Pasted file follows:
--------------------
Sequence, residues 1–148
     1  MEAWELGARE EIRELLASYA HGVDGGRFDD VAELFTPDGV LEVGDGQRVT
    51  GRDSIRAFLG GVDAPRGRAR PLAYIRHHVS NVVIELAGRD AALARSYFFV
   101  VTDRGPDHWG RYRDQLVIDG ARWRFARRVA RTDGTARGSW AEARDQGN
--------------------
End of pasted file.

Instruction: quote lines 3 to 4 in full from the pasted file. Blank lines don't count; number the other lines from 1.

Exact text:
    51  GRDSIRAFLG GVDAPRGRAR PLAYIRHHVS NVVIELAGRD AALARSYFFV
   101  VTDRGPDHWG RYRDQLVIDG ARWRFARRVA RTDGTARGSW AEARDQGN